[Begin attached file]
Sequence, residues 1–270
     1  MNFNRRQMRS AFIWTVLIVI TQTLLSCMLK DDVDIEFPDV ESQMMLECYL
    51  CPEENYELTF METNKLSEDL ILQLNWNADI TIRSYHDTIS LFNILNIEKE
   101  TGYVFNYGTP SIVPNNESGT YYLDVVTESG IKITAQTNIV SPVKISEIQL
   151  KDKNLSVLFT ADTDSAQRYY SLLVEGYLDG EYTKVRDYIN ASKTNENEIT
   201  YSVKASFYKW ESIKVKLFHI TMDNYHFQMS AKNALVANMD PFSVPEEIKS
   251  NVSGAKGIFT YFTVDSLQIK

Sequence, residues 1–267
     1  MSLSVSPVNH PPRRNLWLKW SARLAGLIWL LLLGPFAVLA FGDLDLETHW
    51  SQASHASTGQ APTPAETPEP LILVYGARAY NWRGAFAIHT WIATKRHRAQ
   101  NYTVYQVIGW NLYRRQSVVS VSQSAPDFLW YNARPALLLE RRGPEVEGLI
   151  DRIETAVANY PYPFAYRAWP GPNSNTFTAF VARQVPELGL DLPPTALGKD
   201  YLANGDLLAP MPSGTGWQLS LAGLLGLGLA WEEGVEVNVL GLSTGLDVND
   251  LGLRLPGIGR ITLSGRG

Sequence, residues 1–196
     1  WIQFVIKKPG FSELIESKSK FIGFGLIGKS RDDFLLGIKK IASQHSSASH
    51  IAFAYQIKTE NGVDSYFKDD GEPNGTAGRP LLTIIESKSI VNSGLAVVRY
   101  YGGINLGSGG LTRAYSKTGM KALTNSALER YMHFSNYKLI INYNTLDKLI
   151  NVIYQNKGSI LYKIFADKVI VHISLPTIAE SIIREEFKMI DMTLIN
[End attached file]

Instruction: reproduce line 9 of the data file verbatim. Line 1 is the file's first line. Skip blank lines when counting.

     1  MSLSVSPVNH PPRRNLWLKW SARLAGLIWL LLLGPFAVLA FGDLDLETHW